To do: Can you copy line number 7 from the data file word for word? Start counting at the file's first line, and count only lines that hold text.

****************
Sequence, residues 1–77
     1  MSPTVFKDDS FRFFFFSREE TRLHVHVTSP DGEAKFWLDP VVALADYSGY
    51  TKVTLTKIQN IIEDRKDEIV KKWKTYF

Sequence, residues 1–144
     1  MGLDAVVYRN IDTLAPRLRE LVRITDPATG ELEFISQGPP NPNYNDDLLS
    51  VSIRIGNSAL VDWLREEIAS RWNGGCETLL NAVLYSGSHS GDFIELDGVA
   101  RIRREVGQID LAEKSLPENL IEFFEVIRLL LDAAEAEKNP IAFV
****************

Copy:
   101  RIRREVGQID LAEKSLPENL IEFFEVIRLL LDAAEAEKNP IAFV